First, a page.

Sep. 16, 2009 Recent research to block the effects of endothelin, a powerful substance that constricts blood vessels and stimulates cell growth, has led to successful treatment of pulmonary arterial hypertension and provides hope for treating other chronic diseases. The usefulness of the new drugs to treat congestive heart failure is much less clear, said Professor Matthias Barton, M.D. of the Department of Medicine at the University of Zurich School of Medicine.
Dr. Barton will give an update on endothelin research at the American Physiological Society’s 11th International Conference on Endothelin. The title of his talk is “What You Should Know About Endothelin,” is part of the symposium, “Roles of Endothelin-1 on Cardiac Function and Diseases.” The conference takes place Sept. 9-12 in Montreal.
What is Endothelin?
Endothelin’s importance in both health and disease quickly became clear after researchers first discovered its receptors in the early 1990s, according to Dr. Barton. It is the most potent and longest lasting of the blood vessel constrictors (vasoconstrictors) and is 100 times more powerful than the vasoconstrictor norepinephrine.
The human body continuously produces endothelin and increases its production in response to disease conditions, such as inflammation, high blood pressure or high cholesterol. Nitric oxide, a substance also released from the endothelium that dilates the blood vessels (vasodilator), helps counterbalance endothelin production.
Endothelin’s duties are wide ranging. In addition to being a vasoconstrictor, it also helps regulate cell growth, contributes to heart muscle contractility and helps determine heart rate. That is only a partial list, and it is all beneficial. On the negative side, endothelin can disturb heart rhythm and promote unfavorable changes in the heart muscle following congestive heart failure. Endothelin also promotes kidney disease and coronary artery disease, among other disorders.
Researchers have recently developed drugs in hopes of blocking the negative effects of the most important form of endothelin, endothelin-1. The drugs, including ambrisentan, bosentan, darusentan, enrasentan, sitaxsentan, and tezosentan are endothelin receptor antagonists. That is, they work by preventing endothelin-1 from linking with one or both of its receptors, ETA and ETB. Endothelin cannot work without at least one of these receptors.
Endothelin Receptor Antagonists and Fighting Disease
Clinical trials have begun to use endothelin receptor antagonists to treat pulmonary hypertension, resistant arterial hypertension, proteinuric renal disease, cancer and autoimmune diseases such as scleroderma. The following are some research highlights on endothelin receptor antagonists:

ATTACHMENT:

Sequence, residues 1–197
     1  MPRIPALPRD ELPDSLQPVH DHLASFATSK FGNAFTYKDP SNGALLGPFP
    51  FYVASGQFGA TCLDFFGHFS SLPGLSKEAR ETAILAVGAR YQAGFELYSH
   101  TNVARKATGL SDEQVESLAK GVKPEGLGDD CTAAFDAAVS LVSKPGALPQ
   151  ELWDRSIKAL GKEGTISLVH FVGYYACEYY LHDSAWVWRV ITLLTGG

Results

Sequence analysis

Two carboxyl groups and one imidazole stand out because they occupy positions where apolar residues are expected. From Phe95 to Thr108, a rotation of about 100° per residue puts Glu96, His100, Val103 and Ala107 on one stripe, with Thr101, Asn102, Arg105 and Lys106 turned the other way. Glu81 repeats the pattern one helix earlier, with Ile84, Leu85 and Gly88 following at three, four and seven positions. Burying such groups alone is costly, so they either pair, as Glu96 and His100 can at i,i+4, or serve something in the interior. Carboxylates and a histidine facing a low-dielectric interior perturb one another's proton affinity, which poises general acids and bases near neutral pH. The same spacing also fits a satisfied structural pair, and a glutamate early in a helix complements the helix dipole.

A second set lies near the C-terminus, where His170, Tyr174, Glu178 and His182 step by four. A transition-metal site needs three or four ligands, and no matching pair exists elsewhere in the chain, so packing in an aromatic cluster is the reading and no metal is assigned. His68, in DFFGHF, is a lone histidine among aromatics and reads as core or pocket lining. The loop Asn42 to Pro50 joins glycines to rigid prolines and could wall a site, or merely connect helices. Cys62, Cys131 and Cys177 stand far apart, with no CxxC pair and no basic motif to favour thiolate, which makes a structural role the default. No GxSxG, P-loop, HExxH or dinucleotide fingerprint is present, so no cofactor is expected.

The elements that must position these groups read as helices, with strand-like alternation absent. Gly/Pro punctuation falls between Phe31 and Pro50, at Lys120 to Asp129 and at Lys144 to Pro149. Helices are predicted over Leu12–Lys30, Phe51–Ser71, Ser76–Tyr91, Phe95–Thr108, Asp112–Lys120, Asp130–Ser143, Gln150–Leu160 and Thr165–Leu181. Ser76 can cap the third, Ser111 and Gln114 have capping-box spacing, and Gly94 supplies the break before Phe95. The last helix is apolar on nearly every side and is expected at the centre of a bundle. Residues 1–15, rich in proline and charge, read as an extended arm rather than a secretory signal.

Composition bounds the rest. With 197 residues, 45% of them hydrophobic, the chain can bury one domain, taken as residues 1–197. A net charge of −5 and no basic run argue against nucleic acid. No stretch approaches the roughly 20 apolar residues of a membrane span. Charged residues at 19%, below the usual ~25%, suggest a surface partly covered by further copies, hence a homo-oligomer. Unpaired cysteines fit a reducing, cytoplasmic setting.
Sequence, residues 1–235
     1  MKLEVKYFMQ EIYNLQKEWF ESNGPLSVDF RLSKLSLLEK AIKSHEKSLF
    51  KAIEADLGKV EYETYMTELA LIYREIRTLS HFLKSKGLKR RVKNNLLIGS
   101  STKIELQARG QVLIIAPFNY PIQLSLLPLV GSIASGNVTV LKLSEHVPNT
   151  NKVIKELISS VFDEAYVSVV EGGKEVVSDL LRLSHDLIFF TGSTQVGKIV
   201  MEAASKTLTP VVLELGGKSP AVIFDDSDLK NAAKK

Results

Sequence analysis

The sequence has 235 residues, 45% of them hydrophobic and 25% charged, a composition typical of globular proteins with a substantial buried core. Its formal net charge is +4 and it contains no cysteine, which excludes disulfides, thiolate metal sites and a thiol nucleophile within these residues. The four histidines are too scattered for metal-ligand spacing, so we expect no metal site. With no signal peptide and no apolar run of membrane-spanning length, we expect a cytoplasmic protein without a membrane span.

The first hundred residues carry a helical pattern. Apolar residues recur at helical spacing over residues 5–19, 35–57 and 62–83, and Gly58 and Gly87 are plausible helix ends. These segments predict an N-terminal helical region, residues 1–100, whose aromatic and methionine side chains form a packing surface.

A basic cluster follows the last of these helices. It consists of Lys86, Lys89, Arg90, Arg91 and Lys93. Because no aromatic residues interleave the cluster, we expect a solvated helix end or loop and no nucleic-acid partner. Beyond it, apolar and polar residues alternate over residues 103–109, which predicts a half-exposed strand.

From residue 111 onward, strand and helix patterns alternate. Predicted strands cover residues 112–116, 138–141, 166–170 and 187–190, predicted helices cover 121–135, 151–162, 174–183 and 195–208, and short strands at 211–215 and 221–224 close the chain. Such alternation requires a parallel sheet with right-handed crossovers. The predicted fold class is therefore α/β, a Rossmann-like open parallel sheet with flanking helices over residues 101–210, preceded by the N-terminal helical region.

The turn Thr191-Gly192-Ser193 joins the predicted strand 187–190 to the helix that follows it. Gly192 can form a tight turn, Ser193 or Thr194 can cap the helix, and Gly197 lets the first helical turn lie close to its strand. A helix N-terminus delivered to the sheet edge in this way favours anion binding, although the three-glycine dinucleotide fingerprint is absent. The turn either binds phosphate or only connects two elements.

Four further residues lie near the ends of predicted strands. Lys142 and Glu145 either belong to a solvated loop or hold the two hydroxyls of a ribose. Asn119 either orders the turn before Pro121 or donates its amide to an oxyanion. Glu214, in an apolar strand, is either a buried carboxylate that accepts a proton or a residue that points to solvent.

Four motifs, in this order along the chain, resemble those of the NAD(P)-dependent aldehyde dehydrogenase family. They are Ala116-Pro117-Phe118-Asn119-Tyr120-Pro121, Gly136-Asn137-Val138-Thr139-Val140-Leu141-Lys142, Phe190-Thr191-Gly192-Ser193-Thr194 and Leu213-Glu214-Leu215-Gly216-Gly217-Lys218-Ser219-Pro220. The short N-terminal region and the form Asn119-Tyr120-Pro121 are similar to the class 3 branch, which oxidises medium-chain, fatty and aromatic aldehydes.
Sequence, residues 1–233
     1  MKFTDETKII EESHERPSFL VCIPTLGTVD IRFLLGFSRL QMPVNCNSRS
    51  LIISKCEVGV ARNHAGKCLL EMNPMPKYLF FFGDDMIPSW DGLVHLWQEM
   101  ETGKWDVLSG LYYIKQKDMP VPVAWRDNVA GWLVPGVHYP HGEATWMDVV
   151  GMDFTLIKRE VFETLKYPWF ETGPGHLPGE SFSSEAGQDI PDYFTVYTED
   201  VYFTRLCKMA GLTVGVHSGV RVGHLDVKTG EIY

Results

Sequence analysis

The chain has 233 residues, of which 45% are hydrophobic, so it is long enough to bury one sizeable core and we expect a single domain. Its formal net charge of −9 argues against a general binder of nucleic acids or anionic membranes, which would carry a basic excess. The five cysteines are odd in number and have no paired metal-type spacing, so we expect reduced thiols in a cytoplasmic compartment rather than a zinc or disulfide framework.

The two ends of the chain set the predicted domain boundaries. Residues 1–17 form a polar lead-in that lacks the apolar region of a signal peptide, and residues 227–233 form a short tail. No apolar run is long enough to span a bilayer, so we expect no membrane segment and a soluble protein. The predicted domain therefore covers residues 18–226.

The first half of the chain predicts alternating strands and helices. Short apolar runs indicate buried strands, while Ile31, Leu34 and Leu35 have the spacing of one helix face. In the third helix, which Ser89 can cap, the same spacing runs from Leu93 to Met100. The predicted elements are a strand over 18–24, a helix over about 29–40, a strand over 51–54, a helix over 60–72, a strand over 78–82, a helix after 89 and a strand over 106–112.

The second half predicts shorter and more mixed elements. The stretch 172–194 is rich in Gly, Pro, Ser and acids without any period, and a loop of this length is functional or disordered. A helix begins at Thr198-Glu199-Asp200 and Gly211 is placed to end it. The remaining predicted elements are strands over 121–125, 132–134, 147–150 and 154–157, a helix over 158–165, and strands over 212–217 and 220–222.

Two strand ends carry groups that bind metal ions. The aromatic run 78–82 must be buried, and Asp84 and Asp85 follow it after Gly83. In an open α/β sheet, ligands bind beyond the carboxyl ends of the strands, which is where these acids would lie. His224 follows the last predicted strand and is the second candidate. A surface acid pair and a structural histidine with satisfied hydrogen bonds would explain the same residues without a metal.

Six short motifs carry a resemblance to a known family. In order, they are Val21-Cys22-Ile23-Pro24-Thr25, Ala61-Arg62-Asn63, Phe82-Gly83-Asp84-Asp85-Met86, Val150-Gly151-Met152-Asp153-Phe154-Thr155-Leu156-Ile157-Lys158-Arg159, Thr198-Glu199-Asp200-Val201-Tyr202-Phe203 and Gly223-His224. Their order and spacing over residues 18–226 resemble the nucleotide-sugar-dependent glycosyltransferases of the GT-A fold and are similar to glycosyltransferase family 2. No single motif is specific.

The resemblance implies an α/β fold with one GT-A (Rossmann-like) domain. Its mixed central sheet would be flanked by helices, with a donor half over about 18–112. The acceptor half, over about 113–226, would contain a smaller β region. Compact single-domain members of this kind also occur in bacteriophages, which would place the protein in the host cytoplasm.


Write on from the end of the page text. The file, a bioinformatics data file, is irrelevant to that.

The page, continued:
- Pulmonary Hypertension. The FDA has approved the use of endothelin blockers to treat human pulmonary hypertension which is a disease with a poor prognosis. The first clinical trials have demonstrated benefits regarding symptoms and have improved the quality of life of the patients. These drugs targeted either the ETA receptor alone, or both receptors, ETA and ETB, together. Clinical research so far suggests that endothelin antagonists will be a major part of pulmonary hypertension therapy in the future. Among the issues still to be resolved are whether drugs that block ETA alone will be more effective in treating pulmonary hypertension than drugs that block both ETA and ETB and whether it is best to combine the drugs with other drugs, such as vasodilators.
- Proteinuric Renal Disease. Protein excretion in the urine is a reliable predictor of cardiovascular risk. According to the first clinical studies treatment with drugs that block ETA alone, and treatment with drugs that blocks both receptors, reduced protein excretion in the urine in patients with renal failure, even in patients already treated with other anti-proteinuric drugs. Clinical research in this area is ongoing.
- Coronary Artery Disease. Research on mice with atherosclerosis (hardening of the arteries from plaque buildup) has found that inhibiting endothelin inhibits the development of atherosclerotic plaque. Also in mice, blocking the ETA receptor alleviates some of the causes leading to angina and can reduce damage to the heart tissue following a heart attack. Finally, chronic treatment with an ETA receptor improves the ability of blood vessels to dilate. This improved vasodilation has also been found in human studies.
- Resistant Arterial Hypertension. Treatment with a drug that blocks ETA alone, and treatment with a drug that blocks both receptors, substantially reduced arterial blood pressure in human patients with essential or resistant essential hypertension. Further research is necessary to determine whether the drugs can reduce hypertension-related organ damage such as failure of the heart or kidneys or the number of deaths associated with hypertension.
- Heart Failure. In several long-term clinical studies with human patients with acute or chronic congestive heart failure, none has shown that the receptor blockers can provide any benefit. Dr. Barton noted that not all of the data from the human trials was available to scientists so that they could further analyze these results. In addition, patients in the trials received the endothelin blockers along with standard treatments for heart failure, perhaps masking the possible benefits of the new drugs, he said. He recommends further research in the area of heart failure, which could possibly include lower drug dosages and close monitoring and treatment of edema in this very ill patient population.
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